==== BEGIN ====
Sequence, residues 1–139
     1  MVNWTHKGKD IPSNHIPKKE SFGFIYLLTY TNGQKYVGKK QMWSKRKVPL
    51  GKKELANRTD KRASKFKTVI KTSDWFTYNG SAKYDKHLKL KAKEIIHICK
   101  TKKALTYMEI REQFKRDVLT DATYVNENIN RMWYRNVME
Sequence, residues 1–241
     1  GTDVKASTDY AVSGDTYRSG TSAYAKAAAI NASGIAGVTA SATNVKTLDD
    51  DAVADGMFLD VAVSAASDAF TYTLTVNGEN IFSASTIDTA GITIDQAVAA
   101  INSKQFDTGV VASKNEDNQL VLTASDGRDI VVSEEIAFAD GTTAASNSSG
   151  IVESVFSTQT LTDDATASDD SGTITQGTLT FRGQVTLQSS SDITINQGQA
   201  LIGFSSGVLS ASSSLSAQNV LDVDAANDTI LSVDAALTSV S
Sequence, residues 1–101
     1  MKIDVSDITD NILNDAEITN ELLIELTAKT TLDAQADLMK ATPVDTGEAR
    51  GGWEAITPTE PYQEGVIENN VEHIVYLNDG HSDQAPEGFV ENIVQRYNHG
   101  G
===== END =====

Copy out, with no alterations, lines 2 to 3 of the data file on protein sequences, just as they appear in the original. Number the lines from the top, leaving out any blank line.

     1  MVNWTHKGKD IPSNHIPKKE SFGFIYLLTY TNGQKYVGKK QMWSKRKVPL
    51  GKKELANRTD KRASKFKTVI KTSDWFTYNG SAKYDKHLKL KAKEIIHICK